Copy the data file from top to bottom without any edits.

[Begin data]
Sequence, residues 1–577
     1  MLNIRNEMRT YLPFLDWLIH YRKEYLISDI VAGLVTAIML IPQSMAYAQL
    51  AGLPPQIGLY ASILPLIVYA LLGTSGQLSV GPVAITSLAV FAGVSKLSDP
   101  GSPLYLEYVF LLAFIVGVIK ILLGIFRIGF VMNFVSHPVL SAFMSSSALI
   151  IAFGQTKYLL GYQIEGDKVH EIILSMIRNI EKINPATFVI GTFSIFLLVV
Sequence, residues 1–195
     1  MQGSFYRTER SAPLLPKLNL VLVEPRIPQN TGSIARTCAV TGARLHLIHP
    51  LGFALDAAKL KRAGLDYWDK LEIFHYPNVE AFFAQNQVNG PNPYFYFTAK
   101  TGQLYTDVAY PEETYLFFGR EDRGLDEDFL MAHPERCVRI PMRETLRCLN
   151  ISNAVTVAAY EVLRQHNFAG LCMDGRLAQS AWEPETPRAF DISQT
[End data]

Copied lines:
Sequence, residues 1–577
     1  MLNIRNEMRT YLPFLDWLIH YRKEYLISDI VAGLVTAIML IPQSMAYAQL
    51  AGLPPQIGLY ASILPLIVYA LLGTSGQLSV GPVAITSLAV FAGVSKLSDP
   101  GSPLYLEYVF LLAFIVGVIK ILLGIFRIGF VMNFVSHPVL SAFMSSSALI
   151  IAFGQTKYLL GYQIEGDKVH EIILSMIRNI EKINPATFVI GTFSIFLLVV
Sequence, residues 1–195
     1  MQGSFYRTER SAPLLPKLNL VLVEPRIPQN TGSIARTCAV TGARLHLIHP
    51  LGFALDAAKL KRAGLDYWDK LEIFHYPNVE AFFAQNQVNG PNPYFYFTAK
   101  TGQLYTDVAY PEETYLFFGR EDRGLDEDFL MAHPERCVRI PMRETLRCLN
   151  ISNAVTVAAY EVLRQHNFAG LCMDGRLAQS AWEPETPRAF DISQT